Ayn Rand in 1957 in “Atlas Shrugged” described looters as those who confiscate others' earnings by force, including government officials whose demands are backed by the implicit threat of force, and those who are proponents of high taxation, big labor, government ownership, government planning, regulation, and redistribution. Citizens who save and risk to own a home have every right to live in their home or rent it as they alone decide. Owners and renters are obligated to abide by the fair and universal occupancy, parking, and noise control codes and ordinances that those working in government are obligated to provide for the peace and protection of all citizens equally—and that is all.

Betty Sakai

 

Comments (0)Add Comment

Write comment
smaller | bigger

busy
 

Share this on your social networks

Bookmark and Share

Share this

Bookmark and Share

 

On the Waterfront

As the wharf celebrates its centennial, a personal reflection on its essential place in Santa Cruz’s history

 

Rosh Hashanah

Rosh Hashanah, the Jewish New Year, occurs this year during Libra, the sign of creating right relations with all aspects life and with earth’s kingdoms. We contemplate (the Libra meditation) forgiveness, which means, “to give for another.” Forgiveness is not pardon. It’s a sacrifice (fire in the heart, giving from the heart). Forgiveness is giving up for the good of the other. This is the law of evolution (the path of return).

 

The New Tech Nexus

Community leaders in science and technology unite to form web-based networking program

 

Film, Times & Events: Week of September 26

Santa Cruz area movie theaters >
Sign up for Good Times weekly newsletter
Get the latest news, events

RSS Feed Burner

 Subscribe in a reader

Latest Comments

 

Melinda’s

New Capitola bakery takes gluten-free goods to the next level

 

Do you think you are addicted to technology?

Santa Cruz  |  Unemployed

 

Best of Santa Cruz County

The 2013 Santa Cruz County Readers' Poll and Critics’ Picks It’s our biggest issue of the year, and in it, your votes—more than 6,500 of them—determined the winners of The Best of Santa Cruz County Readers’ Poll. New to the long list of local restaurants, shops and other notables that captured your interest: Best Beer Selection, Best Locally Owned Business, Best Customer Service and Best Marijuana Dispensary. In the meantime, many readers were ever so chatty online about potential new categories. Some of the suggestions that stood out: Best Teen Program and Best Web Design/Designer. But what about: Dog Park, Church, Hotel, Local Farm, Therapist (I second that!) or Sports Bar—not to be confused with Bra. Our favorite suggestion: Best Act of Kindness—one reader noted Café Gratitude and the free meals it offered to the Santa Cruz Police Department in the aftermath of recent crimes. Perhaps some of these can be woven into next year’s ballot, so stay tuned. In the meantime, enjoy the following pages and take note of our Critics’ Picks, too, beginning on page 91. A big thanks for voting—and for reading—and an even bigger congratulations to all of the winners. Enjoy.  -Greg Archer, EditorBest of Santa Cruz County Readers’ Poll INDEX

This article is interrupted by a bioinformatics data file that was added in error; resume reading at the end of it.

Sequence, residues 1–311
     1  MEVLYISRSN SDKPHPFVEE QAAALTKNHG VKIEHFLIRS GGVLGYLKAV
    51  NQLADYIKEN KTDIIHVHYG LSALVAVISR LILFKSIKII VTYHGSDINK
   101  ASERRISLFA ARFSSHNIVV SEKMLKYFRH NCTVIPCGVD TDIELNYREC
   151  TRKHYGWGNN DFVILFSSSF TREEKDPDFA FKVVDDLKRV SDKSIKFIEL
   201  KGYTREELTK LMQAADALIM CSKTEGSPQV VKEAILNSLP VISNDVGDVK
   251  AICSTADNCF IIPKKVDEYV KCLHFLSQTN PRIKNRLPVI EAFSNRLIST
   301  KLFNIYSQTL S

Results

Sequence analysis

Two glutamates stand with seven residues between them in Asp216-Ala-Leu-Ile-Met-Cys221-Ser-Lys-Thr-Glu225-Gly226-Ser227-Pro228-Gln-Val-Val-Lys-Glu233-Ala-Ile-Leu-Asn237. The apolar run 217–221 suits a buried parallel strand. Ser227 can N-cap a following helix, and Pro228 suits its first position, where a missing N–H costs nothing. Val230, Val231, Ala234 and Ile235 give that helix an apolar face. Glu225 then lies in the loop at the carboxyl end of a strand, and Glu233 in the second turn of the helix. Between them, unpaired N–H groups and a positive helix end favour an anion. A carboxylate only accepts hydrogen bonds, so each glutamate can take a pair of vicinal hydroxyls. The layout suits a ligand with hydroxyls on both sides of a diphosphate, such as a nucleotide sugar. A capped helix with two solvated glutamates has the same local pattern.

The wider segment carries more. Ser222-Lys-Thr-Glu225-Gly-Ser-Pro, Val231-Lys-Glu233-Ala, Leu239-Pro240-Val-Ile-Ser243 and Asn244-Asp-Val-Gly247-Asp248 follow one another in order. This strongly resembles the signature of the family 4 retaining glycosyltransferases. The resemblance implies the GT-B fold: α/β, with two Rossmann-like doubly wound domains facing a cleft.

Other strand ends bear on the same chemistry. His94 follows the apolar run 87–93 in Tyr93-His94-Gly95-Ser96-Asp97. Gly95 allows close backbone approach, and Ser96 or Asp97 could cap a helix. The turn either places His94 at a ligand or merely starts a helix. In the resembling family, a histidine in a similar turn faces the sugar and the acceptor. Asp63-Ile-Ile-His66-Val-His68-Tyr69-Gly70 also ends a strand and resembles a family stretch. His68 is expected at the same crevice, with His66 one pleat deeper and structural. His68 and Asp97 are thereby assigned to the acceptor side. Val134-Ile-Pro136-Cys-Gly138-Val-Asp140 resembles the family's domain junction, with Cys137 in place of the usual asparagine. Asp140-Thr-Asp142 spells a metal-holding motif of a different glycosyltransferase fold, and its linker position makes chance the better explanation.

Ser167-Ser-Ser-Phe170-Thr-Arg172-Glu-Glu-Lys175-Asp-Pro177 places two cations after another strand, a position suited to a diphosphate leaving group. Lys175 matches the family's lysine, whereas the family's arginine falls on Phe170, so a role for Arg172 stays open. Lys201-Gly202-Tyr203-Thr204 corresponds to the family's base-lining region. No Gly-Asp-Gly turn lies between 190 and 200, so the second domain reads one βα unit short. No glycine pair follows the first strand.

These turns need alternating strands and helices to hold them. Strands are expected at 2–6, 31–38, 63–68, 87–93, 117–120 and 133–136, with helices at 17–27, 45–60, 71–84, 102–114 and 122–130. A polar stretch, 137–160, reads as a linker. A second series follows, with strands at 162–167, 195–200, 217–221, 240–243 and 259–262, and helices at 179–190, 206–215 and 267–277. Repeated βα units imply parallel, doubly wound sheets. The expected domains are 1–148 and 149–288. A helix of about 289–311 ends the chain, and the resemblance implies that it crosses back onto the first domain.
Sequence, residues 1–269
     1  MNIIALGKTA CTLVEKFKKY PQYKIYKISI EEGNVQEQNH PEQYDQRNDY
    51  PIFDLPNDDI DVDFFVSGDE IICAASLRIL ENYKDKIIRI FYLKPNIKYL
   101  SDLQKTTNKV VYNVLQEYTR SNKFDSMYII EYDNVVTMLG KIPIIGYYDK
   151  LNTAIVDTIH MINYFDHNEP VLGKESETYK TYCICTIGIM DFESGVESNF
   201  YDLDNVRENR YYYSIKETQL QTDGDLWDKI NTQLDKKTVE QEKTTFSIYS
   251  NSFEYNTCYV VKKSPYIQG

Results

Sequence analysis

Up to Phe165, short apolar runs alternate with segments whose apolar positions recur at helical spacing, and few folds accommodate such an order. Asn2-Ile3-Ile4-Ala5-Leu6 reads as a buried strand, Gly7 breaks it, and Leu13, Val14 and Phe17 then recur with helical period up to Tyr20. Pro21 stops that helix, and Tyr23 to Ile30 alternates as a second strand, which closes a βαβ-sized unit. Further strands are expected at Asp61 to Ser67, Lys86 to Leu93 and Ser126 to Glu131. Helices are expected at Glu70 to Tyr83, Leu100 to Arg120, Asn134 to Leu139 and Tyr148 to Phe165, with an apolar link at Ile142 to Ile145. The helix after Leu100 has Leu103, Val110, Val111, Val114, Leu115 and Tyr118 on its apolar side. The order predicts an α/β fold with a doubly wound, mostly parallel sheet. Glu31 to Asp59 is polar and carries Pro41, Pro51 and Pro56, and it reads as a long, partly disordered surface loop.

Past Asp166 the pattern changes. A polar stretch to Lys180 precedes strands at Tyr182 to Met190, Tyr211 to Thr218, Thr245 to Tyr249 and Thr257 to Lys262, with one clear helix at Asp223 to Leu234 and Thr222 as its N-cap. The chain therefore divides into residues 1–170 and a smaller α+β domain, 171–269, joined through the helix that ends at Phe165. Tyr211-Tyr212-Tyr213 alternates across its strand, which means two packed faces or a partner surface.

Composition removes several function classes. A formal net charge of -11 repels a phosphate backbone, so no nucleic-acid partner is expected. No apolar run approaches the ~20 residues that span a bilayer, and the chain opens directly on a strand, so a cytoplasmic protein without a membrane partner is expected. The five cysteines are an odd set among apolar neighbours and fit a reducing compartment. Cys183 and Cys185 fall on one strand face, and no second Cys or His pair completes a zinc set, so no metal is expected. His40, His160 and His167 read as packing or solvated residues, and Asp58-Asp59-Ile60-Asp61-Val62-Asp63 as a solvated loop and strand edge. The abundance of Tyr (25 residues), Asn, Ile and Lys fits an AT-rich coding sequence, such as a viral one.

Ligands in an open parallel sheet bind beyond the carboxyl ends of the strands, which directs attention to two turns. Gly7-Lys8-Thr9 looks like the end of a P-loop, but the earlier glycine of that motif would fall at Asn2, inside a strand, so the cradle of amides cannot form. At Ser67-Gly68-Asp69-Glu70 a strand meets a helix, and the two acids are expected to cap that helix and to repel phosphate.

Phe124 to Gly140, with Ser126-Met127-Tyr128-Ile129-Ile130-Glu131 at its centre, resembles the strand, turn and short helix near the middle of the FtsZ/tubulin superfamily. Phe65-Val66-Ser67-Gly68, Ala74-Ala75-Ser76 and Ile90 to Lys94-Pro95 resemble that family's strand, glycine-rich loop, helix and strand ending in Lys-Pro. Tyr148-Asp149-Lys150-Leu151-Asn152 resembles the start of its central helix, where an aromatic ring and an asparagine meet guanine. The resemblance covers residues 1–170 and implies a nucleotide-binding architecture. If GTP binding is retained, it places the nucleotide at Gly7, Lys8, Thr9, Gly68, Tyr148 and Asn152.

Apricot Wine for Dessert

Thomas Kruse Winery, a participant in the new Santa Clara Wine Trail, has been around for a long time—since 1971, to be exact. When our little group arrived to try some wine at the Kruses’ low-key tasting room, Thomas Kruse and his wife Karen were there to greet us. Theirs is a small operation, and they’re proud to offer quality wine at affordable prices. “Because we are small and low-tech, it’s easy to relate to the whole winemaking process,” says Karen—and the Kruses take pride in making wine “just like it has been made for centuries.”